Posted on November 26, 2019
We all want the perfect holiday season but, unfortunately, that rarely happens. Read on for tips on how to manage unrealistic holiday expectations.
As the Halloween costumes are put away, and the pumpkin spice lattes return to our favorite coffee shops, the holiday expectations have officially begun. Once again, seasonal cheer starts to permeate the workplace with holiday parties, the streets begin to twinkle with tiny tights, and deliciously saccharine Christmas movies start playing on every channel. Maybe it will be different this year, you think.
No matter what you believe or celebrate, everyone has some holiday expectations. Whether you’re the type of person that feels stressed during the holidays, or one who experiences post-holiday depression, they are rarely ever met.
Social media and cheesy Christmas movies can make us feel lonely, giving us the false expectation that the season should be a lot of things. It should feel cozy, involve snow, and be a joyous gathering of friends and family. Unfortunately, when you look at holiday expectations vs. reality, the differences are usually fairly stark.
And that is OK. Remember, life isn’t a Hallmark movie. But still, the holiday expectations. They pop up every year--despite our best efforts to be realistic, managing expectations can be difficult. So, how do we cope?
As much as you wish your family gatherings would be less judgemental, the truth is, you cannot control your extended family. You can’t change anyone but yourself, so let your expectations follow suit. Drop holiday expectations for others and focus on the expectations you have for yourself instead. How do you want to grow? How do you want to present yourself? How do you want to feel good?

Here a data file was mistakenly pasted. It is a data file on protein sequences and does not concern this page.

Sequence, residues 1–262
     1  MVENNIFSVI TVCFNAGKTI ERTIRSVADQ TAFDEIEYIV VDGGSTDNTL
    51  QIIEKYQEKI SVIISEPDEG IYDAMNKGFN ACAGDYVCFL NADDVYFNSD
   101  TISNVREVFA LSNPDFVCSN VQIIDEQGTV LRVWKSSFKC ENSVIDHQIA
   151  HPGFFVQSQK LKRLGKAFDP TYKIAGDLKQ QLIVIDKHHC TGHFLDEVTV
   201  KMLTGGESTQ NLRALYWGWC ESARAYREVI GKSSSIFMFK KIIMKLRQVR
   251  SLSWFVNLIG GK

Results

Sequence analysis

Set Healthy Boundaries
Be realistic about what you want out of the holiday season and what is possible. How do you set boundaries that fall somewhere in the middle? If you have an overbearing family, know your limits, and decide not to spend time taking on other peoples’ emotions and reactions. It’s not your responsibility to carry anyone else’s feelings but your own. Likewise, if the holidays are an especially painful time for you, and it’s easier to abstain from certain festivities or relationships, go for it guilt-free. Participate only where you can, even if that means not at all. Book that vacation you’ve always wanted to take and enjoy the holiday season this year. Staying mentally healthy during the holidays and managing anxiety should be your top priority.
Don’t try to “fake it till you make it,” but instead allow yourself to embrace all feelings this season and see them as an important part of you so that you can nurture yourself and heal. Your family is who they are. Choose to love and accept the parts that align with your values and embrace the rest as differences you can all live with peacefully. Accept joy where you can find it, and focus your holiday expectations on people and events you can count on to fill you up with emotional satisfaction.
Seek Out A Support System
Whether it comes from friends, certain family members, or a mental health professional, managing holiday expectations won’t be possible without a solid network of people in place. As a therapist matching service, we’ll help you find the right professional to give you tips on how to reduce holiday stress. You will have more time to focus on your well-being and mental health - we alleviate the burdens around finding the right fit. Make sure you reach out and ask for help before you need it.
To set yourself up for a happy holiday free of sadness or failed expectations, practice these tips and enjoy the holiday season.
Alison LaSov, LMFT
Alison LaSov is a Licensed Marriage & Family Therapist with experience treating clients struggling with anxiety and depression. She predominantly focuses on mental health intervention for children and adolescents, particularly those who are in crisis. She has worked within the Los Angeles education system treating students with Individualized Education Plans (IEPs), as well as supervised a non-profit Teen Crisis Hotline out of Cedars-Sinai Hospital. Alison earned her B.A. from UCLA and M.A. from Pepperdine University. She is a native to Los Angeles and co-founder at Advekit.